Pat thought to herself, “Lady would you please hurry up.” As she left to make a copy of the report, God spoke to her heart and his message to Pat was “You didn’t even look at her.” It was then, that Pat felt his grief for this woman and her daughter and bowed her head in shame.
Pat then sat down in front of the distraught woman and held her hands. She looked into her eyes with all the love that God could flood through her and said, “I care. Don’t give up.” The woman wept and wept. She then poured out her heart. Finally she looked up and thanked her and Pat was a changed woman.
In our gospel story, in that little walled city of Nain, the blast of the ram’s horn and the wailing told all that the Angel of Death had come. In the next few hours, this young man’s body was washed, anointed with embalming spices and wrapped in a white linen. Once this was done, he was placed on a stretcher. The funeral procession which had begun late in the afternoon was to take him to his final resting place outside the city. The mother took her place in front of the funeral bier. She was followed by paid musicians, professional mourners, neighbors and friends.
Sad to say, this poor widow had a hard cross to bear. She had long since buried her parents, then her husband. Now here again, she was on her way to the graveyard, to lay at rest all that she had left in the world. For her, hope had lost its meaning. But the good news is our Lord showed up, for he knew this woman was alone and hurt.
Sometimes, I wonder why God doesn’t bring people back to life as he did in those days. We don’t have the answer to that, but we do know that he is there for the grieving. My uncle lost an 18 year old son who was changing a flat tire on the highway. He was killed by a drunk driver. The family was devastated by this accident. Some family members turned to God for compassion and healing, others did not. I can say that any trial in life will either turn us to God or turn us away. There is no in between.
Sometimes showing compassion is hard for us, because it requires us to get out of our comfort zone and go to where the broken or lonely are, just as Jesus did.
I remember when I was 9 years old, I had a 1 ½” pet turtle that my parents bought at an old Woolworth’s store. It was my first pet, and I named him Molasses because he moved so slowly. I had Molasses for about a year when his shell had begun to get soft and white. And deep down, I knew Molasses would not get better. My father suggested that we bring the turtle down to a nearby stream and let him go. My grandfather also came along. When I released Molasses in the water, I cried and cried and cried. Up to then, it was the saddest day of my life. But my dad and grandfather showed me compassion and brought me back to Woolworth’s for another turtle. After that my memory is kind of fuzzy.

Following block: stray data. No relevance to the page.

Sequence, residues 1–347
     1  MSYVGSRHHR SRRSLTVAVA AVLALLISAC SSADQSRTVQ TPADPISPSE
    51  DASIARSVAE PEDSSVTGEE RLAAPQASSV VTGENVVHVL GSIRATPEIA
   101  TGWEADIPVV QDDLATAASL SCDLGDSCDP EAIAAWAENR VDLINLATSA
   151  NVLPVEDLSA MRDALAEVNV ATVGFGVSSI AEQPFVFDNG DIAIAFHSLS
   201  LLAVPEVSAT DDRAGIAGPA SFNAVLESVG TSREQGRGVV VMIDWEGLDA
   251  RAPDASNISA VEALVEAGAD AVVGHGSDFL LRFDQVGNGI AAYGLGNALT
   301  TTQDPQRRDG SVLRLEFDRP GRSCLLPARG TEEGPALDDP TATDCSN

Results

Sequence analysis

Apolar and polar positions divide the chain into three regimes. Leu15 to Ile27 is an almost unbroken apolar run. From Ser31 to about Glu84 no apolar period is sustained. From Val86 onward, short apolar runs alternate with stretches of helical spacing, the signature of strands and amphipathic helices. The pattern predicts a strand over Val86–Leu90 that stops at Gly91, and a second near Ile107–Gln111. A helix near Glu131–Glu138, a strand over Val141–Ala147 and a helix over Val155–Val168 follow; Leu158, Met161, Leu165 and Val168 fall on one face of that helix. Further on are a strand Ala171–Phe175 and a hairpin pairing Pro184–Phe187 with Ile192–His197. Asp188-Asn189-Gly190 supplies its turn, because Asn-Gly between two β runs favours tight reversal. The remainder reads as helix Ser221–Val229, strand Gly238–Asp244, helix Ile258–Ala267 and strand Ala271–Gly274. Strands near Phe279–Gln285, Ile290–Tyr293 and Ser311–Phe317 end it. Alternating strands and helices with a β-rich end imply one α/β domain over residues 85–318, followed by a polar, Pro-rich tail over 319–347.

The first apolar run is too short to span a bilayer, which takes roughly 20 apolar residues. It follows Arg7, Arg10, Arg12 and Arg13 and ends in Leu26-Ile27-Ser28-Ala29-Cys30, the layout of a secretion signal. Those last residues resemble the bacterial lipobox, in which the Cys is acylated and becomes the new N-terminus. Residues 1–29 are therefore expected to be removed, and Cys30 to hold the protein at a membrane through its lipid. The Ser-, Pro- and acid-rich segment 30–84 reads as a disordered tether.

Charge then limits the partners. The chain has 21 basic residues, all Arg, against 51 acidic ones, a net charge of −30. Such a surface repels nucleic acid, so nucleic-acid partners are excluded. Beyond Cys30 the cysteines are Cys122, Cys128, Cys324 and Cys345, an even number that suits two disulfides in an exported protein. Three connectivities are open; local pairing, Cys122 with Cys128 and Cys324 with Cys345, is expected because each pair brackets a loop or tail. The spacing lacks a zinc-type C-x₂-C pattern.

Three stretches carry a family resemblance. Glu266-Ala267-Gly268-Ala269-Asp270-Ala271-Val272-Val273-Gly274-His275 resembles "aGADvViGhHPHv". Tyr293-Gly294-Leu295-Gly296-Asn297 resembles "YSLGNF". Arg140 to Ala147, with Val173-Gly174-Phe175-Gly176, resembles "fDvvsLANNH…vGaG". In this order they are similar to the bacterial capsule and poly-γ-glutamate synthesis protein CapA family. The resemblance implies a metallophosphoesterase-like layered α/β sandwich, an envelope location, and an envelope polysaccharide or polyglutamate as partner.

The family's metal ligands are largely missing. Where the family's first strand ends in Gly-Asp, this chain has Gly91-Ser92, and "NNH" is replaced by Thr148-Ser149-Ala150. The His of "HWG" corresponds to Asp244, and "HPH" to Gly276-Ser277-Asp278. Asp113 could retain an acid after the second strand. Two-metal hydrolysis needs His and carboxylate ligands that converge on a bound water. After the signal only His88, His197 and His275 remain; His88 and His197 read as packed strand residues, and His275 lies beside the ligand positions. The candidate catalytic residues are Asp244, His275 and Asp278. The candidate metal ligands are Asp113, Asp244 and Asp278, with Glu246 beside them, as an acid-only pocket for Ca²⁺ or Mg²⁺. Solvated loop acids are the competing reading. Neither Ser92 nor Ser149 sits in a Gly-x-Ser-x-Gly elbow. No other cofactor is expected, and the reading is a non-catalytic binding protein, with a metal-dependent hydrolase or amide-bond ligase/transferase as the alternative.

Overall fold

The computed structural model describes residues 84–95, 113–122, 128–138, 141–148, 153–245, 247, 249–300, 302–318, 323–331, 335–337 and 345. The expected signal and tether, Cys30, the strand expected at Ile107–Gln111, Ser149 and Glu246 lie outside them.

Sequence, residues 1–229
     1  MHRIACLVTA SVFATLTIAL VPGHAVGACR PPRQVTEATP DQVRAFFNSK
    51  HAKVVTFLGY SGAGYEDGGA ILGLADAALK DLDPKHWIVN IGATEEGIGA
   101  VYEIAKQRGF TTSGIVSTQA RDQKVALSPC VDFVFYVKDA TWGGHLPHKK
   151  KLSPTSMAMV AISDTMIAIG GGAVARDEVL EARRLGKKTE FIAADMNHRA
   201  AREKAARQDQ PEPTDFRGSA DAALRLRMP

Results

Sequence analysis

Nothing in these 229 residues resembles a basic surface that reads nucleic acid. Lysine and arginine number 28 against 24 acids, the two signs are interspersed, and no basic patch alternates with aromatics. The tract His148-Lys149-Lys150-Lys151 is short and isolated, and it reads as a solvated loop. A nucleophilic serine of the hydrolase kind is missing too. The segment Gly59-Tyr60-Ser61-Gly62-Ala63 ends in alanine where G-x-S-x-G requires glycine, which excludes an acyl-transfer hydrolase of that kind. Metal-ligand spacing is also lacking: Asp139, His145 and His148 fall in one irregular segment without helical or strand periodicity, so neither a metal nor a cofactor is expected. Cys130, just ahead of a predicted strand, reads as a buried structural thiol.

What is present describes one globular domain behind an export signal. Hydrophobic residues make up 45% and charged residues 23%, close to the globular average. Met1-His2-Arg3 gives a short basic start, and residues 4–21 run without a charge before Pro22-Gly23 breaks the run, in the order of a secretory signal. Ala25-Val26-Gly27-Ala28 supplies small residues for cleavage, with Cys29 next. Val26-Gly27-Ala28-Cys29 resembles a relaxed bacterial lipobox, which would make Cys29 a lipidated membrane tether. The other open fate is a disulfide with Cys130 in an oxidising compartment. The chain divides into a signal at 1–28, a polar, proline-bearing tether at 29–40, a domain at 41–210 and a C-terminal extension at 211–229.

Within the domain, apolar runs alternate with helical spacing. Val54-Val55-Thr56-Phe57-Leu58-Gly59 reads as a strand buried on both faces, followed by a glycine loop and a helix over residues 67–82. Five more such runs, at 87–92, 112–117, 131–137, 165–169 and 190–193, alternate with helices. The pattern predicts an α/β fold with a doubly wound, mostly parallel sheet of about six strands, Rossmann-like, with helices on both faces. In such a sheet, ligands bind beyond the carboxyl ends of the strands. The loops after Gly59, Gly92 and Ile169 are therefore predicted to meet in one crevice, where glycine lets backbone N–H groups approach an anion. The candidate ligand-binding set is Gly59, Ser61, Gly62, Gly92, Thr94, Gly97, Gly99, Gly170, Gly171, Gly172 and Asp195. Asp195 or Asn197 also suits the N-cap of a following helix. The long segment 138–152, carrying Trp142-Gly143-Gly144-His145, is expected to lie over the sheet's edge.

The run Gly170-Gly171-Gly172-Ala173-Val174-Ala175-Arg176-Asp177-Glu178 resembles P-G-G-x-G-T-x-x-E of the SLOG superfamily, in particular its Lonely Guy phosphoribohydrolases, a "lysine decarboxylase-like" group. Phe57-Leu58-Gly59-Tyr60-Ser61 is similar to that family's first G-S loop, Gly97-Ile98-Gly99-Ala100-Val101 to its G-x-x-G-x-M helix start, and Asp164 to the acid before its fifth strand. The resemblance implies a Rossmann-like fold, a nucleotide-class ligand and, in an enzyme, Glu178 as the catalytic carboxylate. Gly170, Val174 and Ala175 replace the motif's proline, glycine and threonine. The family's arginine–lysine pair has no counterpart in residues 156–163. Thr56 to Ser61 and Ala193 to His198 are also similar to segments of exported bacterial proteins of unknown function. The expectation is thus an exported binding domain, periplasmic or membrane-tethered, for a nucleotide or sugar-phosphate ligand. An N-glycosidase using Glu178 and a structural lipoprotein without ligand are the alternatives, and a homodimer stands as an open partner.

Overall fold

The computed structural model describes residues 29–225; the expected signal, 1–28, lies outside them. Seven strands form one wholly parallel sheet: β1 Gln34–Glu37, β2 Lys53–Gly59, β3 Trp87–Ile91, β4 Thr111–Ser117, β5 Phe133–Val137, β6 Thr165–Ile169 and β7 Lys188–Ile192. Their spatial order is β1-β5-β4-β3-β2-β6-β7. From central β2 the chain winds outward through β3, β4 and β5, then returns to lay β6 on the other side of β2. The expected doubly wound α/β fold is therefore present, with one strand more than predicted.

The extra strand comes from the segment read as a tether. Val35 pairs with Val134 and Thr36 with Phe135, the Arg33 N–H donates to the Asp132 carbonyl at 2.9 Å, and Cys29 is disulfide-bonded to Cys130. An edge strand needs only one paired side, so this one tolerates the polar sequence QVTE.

Compassion goes where it is needed and touches the lives of the hurting.
- Dress in the wardrobe God picked out for you: compassion, kindness, humility, quiet strength, discipline, even tempered. Colossians 3:12 (MSG)
- Therefore if you have any encouragement from being united with Christ, if any comfort from his love, if any common sharing in the Spirit, if any tenderness and compassion Philippians 2:1
- Praise be to the God and Father of our Lord Jesus Christ, the Father of compassion and the God of all comfort. 2 Corinthians 1:3
- Finally, all of you, be like-minded, be sympathetic, love one another, be compassionate and humble. 1 Peter 3:8
- Compassion will cure more sins than condemnation.
- That’s the difference between pity and compassion. Pity just feels sorry, compassion does something about it.
- Kindness is the most valuable gift you will ever give someone.
- The purpose of human life is to serve and to show compassion and the will to help others. A. Schweitzer.
- To be rich, is not what you have in your bank account, but what you have in your heart.
Let me close. When we show Christ’s love to all, with all the compassion we can muster, often times we will be touched. May we be instruments of God’s love as we show compassion to a hurting world. People will remember it, and it is that element that will turn others to Christ.